Southeast Asia with Peter – Day 4
We started Day 4 at the Pantip Suites Hotel, still sore from last night’s beating.
After a nice breakfast we said “good bye” to the Generalissimo at the door and headed to the airport. That’s Will Andrews from CA. He was single and chummed around with us lot. He was a good natured guy! He taught me how to use “Facetime” on the iPhone and how to use the “Siri” voice recognition feature, also on the iPhone. I conversed with my wife and daughter several times during the trip using Facetime. It was real handy: Talking and seeing in real time!!
We flew from Bangkok to Luang Prabang, Laos on a small Cambodian Airlines “prop job” It was a nice smooth flight with views of the countryside. It was a short 1 and 3/4 hour flight to a modern airport and terminal.
After clearing Imigrations we were bussed to the “Grand” hotel and resort. It is situated on the grounds of the Xiengkeo Palace which belonged to the famous nationalist hero of Luang Prabang, Prince Phetsarath. He chose this site for its tranquility, its stunning views of the mighty Mekong River, and the breathtaking landscape of mountains surrounding Luang Prabang
My room was clean and tidy and the view of the lily pond and the lawns from my private veranda and our breakfast veranda on the riverwere outstanding. It was a serene place, indeed.
Another of Ole’s sketches. Luang Prabang is at the confluence of the Mekong and Nam Kahn rivers. It was the center of the Lao Kingdom from the 14th to 16th century when the capital was moved to Vientiane and it became one of the 3 Lao Kingdoms (Vientiane, Luang Prabang, and Champasak).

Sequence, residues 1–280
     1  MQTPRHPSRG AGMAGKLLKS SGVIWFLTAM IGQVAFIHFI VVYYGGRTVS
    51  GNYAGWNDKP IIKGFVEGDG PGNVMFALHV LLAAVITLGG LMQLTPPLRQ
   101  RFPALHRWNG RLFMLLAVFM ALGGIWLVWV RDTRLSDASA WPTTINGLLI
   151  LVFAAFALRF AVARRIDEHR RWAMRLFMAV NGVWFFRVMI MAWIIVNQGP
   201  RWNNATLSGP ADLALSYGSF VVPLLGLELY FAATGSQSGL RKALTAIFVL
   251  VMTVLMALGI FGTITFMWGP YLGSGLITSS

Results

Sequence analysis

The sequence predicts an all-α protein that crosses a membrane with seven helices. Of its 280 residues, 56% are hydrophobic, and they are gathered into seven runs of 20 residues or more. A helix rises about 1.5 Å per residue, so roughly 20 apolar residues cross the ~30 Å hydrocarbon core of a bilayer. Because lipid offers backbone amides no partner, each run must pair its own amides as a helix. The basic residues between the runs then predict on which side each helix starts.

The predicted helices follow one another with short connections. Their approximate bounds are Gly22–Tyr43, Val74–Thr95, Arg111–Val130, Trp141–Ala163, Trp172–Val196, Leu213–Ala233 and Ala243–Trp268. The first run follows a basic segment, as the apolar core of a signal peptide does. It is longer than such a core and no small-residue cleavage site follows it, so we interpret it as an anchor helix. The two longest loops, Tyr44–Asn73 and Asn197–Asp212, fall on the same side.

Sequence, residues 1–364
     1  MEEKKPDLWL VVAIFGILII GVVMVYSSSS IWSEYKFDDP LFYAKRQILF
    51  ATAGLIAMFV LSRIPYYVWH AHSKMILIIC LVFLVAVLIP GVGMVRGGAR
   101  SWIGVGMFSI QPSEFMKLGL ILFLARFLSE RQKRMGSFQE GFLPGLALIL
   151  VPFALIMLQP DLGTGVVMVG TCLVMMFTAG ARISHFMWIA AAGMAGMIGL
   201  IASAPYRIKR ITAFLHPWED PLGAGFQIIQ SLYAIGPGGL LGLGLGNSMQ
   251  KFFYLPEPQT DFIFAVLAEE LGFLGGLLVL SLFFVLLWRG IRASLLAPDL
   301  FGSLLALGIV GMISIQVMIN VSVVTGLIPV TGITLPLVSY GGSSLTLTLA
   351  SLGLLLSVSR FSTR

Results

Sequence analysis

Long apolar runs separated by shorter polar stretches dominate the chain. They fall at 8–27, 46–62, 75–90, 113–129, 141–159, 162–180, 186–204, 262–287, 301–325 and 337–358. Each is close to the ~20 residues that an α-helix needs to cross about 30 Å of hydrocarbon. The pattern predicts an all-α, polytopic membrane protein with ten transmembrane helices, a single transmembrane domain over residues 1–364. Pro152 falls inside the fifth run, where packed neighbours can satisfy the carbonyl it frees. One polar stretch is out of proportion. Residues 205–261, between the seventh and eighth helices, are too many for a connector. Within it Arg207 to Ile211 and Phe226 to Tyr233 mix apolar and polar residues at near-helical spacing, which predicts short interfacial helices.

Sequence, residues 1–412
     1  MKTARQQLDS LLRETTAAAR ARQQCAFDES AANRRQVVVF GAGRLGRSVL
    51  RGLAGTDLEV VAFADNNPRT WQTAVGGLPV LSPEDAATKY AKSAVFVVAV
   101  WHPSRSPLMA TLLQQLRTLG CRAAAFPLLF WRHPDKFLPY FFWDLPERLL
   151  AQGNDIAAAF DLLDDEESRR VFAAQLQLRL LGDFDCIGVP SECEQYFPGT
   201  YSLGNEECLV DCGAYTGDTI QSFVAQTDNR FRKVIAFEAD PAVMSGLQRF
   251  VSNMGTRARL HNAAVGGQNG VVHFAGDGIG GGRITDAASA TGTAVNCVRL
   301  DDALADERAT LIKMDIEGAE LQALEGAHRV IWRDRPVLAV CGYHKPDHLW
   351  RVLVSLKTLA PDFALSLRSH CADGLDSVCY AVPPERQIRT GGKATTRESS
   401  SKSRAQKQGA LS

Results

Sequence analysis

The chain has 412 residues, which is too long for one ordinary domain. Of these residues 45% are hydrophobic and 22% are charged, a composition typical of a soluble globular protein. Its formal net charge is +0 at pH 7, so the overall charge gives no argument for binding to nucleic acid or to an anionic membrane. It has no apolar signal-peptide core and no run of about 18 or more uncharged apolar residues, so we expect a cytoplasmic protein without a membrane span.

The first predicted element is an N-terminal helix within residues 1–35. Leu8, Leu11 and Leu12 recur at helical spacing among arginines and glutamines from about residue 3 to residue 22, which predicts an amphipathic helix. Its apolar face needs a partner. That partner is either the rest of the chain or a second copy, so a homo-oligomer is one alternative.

Luang Prabang is now designated as a UNESCO World Heritage site. This designation requires the town to restrict development and preserve historical sites. By doing this, the town has enjoyed the “prosperity” of numerous foreign visitors and their currencies.This is Dao, our Laotian country guide. He was quite knowledgeable in Laotian history and culture. He also told us lots of stories about his family life. Here’s Pete and I blocking the view of the Wat Xieng Thong temple. It is the subject of Ole’s sketch (above). The temple was built in 1560. It has low sweeping roofs and is decorated with glass tile mosaics. The little white building on the left is a place where worshipers can leave offerings. The little pointy buildings in the far right are “Stupas” which are funeral memorials.
In a separate building is this 40 foot long funeral chariot last used in 1959 for the funeral of King Sisavangvong (say that 3 times fast?). It is decorated with guilded “Nagas”.
The Buddhist Naga generally has the form of a large cobra-like snake, usually with a single head but sometimes with as many as nine. At least some of the Nagas are capable of using magic powers to transform themselves into a human semblance.